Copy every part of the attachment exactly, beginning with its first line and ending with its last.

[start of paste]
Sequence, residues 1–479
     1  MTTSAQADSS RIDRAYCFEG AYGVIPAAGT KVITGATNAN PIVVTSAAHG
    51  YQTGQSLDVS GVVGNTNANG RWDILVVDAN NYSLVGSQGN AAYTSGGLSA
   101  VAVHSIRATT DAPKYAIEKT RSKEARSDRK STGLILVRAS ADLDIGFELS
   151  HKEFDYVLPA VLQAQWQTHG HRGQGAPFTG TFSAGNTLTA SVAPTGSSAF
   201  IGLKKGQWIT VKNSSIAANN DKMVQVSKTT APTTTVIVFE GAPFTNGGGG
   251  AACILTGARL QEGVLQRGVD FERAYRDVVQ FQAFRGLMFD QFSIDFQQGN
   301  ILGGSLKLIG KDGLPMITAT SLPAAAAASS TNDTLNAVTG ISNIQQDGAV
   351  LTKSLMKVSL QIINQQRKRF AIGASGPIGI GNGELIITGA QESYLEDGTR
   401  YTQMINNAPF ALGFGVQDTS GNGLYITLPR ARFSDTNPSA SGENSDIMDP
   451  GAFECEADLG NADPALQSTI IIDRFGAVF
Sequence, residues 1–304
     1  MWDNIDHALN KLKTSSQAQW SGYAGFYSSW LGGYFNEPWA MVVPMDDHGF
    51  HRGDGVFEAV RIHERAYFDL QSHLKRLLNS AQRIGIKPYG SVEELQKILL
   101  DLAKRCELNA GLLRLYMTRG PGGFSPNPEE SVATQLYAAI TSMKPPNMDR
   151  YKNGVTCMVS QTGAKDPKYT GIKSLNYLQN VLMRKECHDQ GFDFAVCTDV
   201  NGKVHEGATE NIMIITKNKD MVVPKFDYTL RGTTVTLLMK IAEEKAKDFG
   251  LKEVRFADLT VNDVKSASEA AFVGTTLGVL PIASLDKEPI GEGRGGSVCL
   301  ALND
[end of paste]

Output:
Sequence, residues 1–479
     1  MTTSAQADSS RIDRAYCFEG AYGVIPAAGT KVITGATNAN PIVVTSAAHG
    51  YQTGQSLDVS GVVGNTNANG RWDILVVDAN NYSLVGSQGN AAYTSGGLSA
   101  VAVHSIRATT DAPKYAIEKT RSKEARSDRK STGLILVRAS ADLDIGFELS
   151  HKEFDYVLPA VLQAQWQTHG HRGQGAPFTG TFSAGNTLTA SVAPTGSSAF
   201  IGLKKGQWIT VKNSSIAANN DKMVQVSKTT APTTTVIVFE GAPFTNGGGG
   251  AACILTGARL QEGVLQRGVD FERAYRDVVQ FQAFRGLMFD QFSIDFQQGN
   301  ILGGSLKLIG KDGLPMITAT SLPAAAAASS TNDTLNAVTG ISNIQQDGAV
   351  LTKSLMKVSL QIINQQRKRF AIGASGPIGI GNGELIITGA QESYLEDGTR
   401  YTQMINNAPF ALGFGVQDTS GNGLYITLPR ARFSDTNPSA SGENSDIMDP
   451  GAFECEADLG NADPALQSTI IIDRFGAVF
Sequence, residues 1–304
     1  MWDNIDHALN KLKTSSQAQW SGYAGFYSSW LGGYFNEPWA MVVPMDDHGF
    51  HRGDGVFEAV RIHERAYFDL QSHLKRLLNS AQRIGIKPYG SVEELQKILL
   101  DLAKRCELNA GLLRLYMTRG PGGFSPNPEE SVATQLYAAI TSMKPPNMDR
   151  YKNGVTCMVS QTGAKDPKYT GIKSLNYLQN VLMRKECHDQ GFDFAVCTDV
   201  NGKVHEGATE NIMIITKNKD MVVPKFDYTL RGTTVTLLMK IAEEKAKDFG
   251  LKEVRFADLT VNDVKSASEA AFVGTTLGVL PIASLDKEPI GEGRGGSVCL
   301  ALND